The thing which has struck me the most about some of the reaction to my various posts on Kevin Jennings is the thing which disappoints me the most about blogging, that people deliver form responses to the posts, as if reacting to the standard conservative line on that issue or, more likely, their interpretation of what that line is. To be sure, there have been notable exceptions, particularly the commentary from Jody.
Perhaps, he has been more civil and has taken more care to address the actual ideas I expressed because we know each other. He is aware I’m not some rabid right-winger spouting the party line. And on this issue, as on many others, I have offered a different view on the situation than have other conservative bloggers who have addressed it.
From the outset, I indicated I’d be wiling to cut Jennings some slack and reconsider my call for his resignation if evidence emerged that the Obama official had publicly said he wished he had handled the situation (he related in his oft-repeated anecdote) differently. As I wrote in my first post on the topic.
It is troubling, to say the least, that the Administration would tap such a man to serve in the Education Department who detailed the boy’s confession in a book One Teacher in 10, yet did not express regret until long after his appointment.
Recall that he is the one who brought up the subject in various public fora, including a published book. Recall that he had said the boy was fifteen at the time. Recall that he never expressed regret that he didn’t discourage the teen from picking up adults in public bathrooms.
Shouldn’t a gay teacher, concerned for the welfare of his gay students, want to tell his charge that there are better ways to meet men?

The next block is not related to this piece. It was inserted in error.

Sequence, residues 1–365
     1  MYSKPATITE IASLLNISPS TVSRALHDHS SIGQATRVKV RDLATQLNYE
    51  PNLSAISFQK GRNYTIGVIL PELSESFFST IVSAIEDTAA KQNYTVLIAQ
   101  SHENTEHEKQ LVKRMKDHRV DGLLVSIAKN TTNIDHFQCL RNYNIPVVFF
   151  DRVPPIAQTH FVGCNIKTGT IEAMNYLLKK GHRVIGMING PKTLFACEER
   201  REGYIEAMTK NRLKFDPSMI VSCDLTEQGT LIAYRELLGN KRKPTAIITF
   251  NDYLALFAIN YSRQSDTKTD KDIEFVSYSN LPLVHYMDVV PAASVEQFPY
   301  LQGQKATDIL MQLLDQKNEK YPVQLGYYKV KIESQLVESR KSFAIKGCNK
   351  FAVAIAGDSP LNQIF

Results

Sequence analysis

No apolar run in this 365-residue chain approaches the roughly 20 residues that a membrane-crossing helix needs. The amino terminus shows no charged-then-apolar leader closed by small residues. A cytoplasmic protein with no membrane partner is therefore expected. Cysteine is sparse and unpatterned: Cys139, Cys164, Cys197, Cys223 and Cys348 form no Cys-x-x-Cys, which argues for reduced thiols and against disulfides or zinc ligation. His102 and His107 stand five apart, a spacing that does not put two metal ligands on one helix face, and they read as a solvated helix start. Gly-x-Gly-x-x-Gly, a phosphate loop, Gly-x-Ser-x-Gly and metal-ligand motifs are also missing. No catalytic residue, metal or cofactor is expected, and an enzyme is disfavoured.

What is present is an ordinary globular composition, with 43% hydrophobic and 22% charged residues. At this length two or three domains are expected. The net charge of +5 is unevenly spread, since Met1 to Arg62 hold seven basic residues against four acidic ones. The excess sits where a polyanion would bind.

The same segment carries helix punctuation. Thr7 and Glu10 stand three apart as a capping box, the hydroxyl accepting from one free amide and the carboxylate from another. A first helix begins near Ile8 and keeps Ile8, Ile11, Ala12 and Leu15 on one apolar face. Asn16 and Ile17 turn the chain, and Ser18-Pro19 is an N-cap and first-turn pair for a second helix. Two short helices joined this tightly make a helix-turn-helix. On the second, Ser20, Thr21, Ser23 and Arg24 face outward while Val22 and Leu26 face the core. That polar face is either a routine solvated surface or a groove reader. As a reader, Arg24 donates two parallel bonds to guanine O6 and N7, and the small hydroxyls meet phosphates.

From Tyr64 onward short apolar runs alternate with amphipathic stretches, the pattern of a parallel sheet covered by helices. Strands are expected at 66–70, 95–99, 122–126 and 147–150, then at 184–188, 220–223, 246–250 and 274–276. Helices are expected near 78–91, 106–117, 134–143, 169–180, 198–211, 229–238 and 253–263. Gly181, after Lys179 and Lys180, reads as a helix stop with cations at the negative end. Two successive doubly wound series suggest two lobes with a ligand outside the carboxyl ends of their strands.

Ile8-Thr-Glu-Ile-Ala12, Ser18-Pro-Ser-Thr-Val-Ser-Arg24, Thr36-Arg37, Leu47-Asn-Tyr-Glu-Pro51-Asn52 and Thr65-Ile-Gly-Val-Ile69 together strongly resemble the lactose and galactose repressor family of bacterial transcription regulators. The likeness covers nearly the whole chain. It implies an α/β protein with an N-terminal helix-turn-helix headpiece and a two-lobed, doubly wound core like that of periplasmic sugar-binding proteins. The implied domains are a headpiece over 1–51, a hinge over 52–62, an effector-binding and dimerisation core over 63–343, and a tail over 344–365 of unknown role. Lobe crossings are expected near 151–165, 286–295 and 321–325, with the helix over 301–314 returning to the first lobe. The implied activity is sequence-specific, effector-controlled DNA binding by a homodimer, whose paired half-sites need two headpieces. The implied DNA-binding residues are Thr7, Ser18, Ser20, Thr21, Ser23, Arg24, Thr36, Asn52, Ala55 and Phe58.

What troubles me more than anything about Jennings’s anecdote is not the story itself.
First, a personal. Had I been a young teacher in a similar situation, I believe I would shared with the youth the anxieties I felt when I first realized the attraction I felt for other men set me apart from my peers. And told him as well that our situation was not unusual and did offer us, should we be true to ourselves, the potential to lead a fulfilling life. I hope I would have discouraged him from meeting men in public lavatories.
But, as I suggested in previous post, as a young teacher with “a nervous teenager in front” of me, I don’t know for certain how I would have reacted. None of us do. Not even the bloggers who criticize Jennings most harshly.
Had the actual events of that day in 1988 been all there was to the story, I would not join those bloggers in criticizing Jenkins. I would chalk up his failure to his own period of professional cnihtwesende, being a youth.
So this (as I’ve said before) is what troubles me more than anything about this story: Jennings talked about the issue repeatedly, yet never indicated he wished he had handled the situation differently—not until he was serving in the Department of Education and the issue became a political hot potato.
Now, all that said (and once again, as I’ve said before) I will revisit my call for his resignation if information comes forward indicating that prior to his appointment to the Department of Education, he had questioned his actions as a young teacher in the same public manner he discussed them.